The foregoing narrative, however should not lead one to conclude that Indian anthropologists did not think about situating their subject and findings in the context of nation building. As early as 1941, Tarak Chandra Das, a Calcutta University teacher in his Presidential address in the Anthropology section of the Indian Science Congress dealt with the application of anthropology in almost all the important sectors of a modern nation, namely, trade, industry, agriculture, legislation, education, social service and administration. The lecture was a 28 pages full-length paper entitled ‘Cultural Anthropology in the Service of the Individual and the Nation’. In this lecture, Das’s major objective was to convince his readers about the immense potential of social-cultural anthropology as an applied science for the overall development of the Indian population (Das 1941). The message concerning the role of anthropologists in nation building delivered by T.C. Das was carried forward by S.S.Sarkar, another doyen of Indian Anthropology from Calcutta University, and he was a biological anthropologist.  His presidential address in Anthropology section was entitled ‘The Place of Human Biology in Anthropology and its utility in the Service of the Nation’. It was delivered in 1951 in the Indian Science Congress and later published in the journal Man in India. In the lecture Sarkar mentioned Das’s strong recommendation towards turning the Widow Remarriage Act from a ‘permissive’ to a ‘coercive’ one in the interest of ‘national welfare’. Throughout his lecture Sarkar cited example after example from various studies conducted by the Physical Anthropologists and Human Biologists all over the world, which have had enormous policy implications towards nation building in India (Sarkar 1951).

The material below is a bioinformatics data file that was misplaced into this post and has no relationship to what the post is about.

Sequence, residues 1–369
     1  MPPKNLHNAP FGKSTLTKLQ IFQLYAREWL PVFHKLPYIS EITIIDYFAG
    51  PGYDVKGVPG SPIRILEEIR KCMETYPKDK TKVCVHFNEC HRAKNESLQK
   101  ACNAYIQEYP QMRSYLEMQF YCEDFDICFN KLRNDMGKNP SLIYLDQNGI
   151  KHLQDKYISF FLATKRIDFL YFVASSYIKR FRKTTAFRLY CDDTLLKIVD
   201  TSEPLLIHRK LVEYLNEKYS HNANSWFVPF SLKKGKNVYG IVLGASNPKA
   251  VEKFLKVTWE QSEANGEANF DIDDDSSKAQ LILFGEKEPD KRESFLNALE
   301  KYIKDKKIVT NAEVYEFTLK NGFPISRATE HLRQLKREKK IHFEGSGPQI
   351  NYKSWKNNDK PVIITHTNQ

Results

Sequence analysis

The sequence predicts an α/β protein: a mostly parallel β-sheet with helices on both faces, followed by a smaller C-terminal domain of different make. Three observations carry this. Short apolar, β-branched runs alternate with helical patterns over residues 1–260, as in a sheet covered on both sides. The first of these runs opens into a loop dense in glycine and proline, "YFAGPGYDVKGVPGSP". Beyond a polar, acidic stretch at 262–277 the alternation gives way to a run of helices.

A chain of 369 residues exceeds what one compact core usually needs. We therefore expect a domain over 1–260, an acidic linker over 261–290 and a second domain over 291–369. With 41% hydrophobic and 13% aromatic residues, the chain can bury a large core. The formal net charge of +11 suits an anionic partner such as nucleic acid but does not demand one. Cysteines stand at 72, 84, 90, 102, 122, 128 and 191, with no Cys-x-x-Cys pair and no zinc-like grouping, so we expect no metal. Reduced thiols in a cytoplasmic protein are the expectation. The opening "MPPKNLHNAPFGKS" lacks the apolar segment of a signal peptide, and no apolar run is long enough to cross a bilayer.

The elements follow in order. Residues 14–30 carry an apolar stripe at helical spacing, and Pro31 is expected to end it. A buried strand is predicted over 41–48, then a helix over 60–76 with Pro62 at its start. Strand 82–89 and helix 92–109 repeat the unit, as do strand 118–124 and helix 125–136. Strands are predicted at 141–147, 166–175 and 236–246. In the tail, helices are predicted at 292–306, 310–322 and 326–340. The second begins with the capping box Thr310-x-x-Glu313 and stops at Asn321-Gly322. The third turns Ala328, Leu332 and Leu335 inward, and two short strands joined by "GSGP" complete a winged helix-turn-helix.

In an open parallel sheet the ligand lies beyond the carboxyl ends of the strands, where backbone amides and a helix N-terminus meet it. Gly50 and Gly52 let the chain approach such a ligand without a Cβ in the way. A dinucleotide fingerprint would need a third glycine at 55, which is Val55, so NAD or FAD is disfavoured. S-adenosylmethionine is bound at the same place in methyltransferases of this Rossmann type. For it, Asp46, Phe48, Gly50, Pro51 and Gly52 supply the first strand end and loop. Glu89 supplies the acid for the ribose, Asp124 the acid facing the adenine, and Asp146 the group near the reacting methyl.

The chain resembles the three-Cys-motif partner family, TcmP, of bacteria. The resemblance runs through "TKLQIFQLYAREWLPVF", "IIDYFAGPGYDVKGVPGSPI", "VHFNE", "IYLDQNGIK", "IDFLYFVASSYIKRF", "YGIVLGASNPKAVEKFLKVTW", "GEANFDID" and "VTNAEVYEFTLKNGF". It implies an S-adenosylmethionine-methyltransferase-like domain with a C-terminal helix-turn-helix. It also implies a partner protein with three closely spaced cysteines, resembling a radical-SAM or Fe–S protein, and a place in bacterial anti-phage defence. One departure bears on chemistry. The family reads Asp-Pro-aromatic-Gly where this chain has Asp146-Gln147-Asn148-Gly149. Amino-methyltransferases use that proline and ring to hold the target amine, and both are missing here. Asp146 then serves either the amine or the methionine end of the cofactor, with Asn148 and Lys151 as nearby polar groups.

Under this general scenario of anthropological discourse around nation building a specific focus could also be discerned in the works of the anthropologists in India. This focus was centred towards the (i) displacement and resettlement of populations caused by famine, (ii) refugee influx caused by the partition of the country on religious grounds during Independence and (iii) displacement caused by industrialisation and dam building by the State in the initial years of mega-planning under the first and second five years plans. All the three events, i.e. faminepartition and mega-development efforts (industrialisation and dam building) were inseparable from nation building, and policy makers  felt the need of anthropological advocacy and insight to deal with the problems arising out of displacement caused by partition and mega-development efforts.  Definitely, the anthropological interventions in these mega events of nation building were miniscule in proportion to the nationwide magnitude of those episodes. I just give an example. On 6 May 2020 the total number of deaths caused by Corona virus was 261,243 ( accessed on 06.05.2020) while around 3 million people died in Bengal Famine in the then undivided Bengal (Sen 1981:52).   

In terms of the intensive nature and quality of the micro-level findings, the anthropological studies on refugee resettlement and rehabilitation of development caused displaced persons offered a new area around the discourse on nation building, so far untouched by historians, economists and political scientists (Guha 2020).